Wild About Horses in Public Art
There’s something about horses. Dog are loyal companions, cats are however cats see themselves, but horses are freedom and majesty. It’s no wonder that they’ve captured our imagination for thousands of years.
We’ll never know if the artists from 32,000 years ago who painted on the walls of the Chauvet Cave in what is now France were making art for themselves or to be viewed by their community. But we do know that horses were some of the prominent images that were depicted.
Similarly, horses are commonly represented in North American Indigenous art, like these horses from Writing-on-Stone/Áísínai’pi in southern Alberta.
And 3,000 years ago in Britain, unknown artists carved this white horse into a hillside near Uffington, a piece of art that is still being maintained today.
Our love affair with horses isn’t only a prehistoric phenonmenon. Horses continue to be a common theme in public art. The Kelpies, by sculptor Andy Scott, celebrate the connection between Celtic mythology and the modern day presence of horses in our lives.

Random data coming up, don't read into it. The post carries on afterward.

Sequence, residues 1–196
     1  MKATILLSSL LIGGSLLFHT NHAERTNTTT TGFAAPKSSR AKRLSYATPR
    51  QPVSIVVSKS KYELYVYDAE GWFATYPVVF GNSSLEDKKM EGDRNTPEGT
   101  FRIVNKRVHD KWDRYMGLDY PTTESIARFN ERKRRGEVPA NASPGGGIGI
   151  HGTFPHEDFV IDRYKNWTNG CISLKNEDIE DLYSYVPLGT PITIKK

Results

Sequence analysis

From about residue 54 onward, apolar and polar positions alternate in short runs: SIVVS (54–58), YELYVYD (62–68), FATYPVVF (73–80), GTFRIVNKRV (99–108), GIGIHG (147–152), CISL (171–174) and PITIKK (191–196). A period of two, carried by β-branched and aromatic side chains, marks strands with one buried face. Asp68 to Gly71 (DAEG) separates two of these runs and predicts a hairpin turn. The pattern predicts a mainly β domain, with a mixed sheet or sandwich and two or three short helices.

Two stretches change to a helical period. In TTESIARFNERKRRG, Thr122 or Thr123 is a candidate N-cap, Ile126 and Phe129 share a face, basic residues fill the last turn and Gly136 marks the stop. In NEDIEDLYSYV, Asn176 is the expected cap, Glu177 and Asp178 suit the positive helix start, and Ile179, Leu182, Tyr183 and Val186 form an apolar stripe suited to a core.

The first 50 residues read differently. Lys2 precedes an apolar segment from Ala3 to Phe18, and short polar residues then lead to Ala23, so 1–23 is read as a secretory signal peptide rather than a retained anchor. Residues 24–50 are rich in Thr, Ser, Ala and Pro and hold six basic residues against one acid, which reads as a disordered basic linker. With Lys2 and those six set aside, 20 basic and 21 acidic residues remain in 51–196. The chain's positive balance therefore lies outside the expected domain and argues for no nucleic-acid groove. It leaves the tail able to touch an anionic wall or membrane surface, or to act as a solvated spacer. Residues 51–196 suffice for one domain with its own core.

At Canada’s National Gallery, Joe Fafard’s sculpture, Running Horses, celebrates the connection between horses and prairie life. Fafard’s horses can be found across Canada, from Calgary to Saskatoon to Quebec, just one example of the way art brings us together.
When you start to look for it, horse-related public art is everywhere, like this sculpture entitled One and One by John McEwan, from my city. These horses are small, maybe a foot tall, and easy to miss, but they add unexpected charm to an otherwise boring space. Do you have a favourite piece of horse-related public art? Maybe it’s a good time to look for one.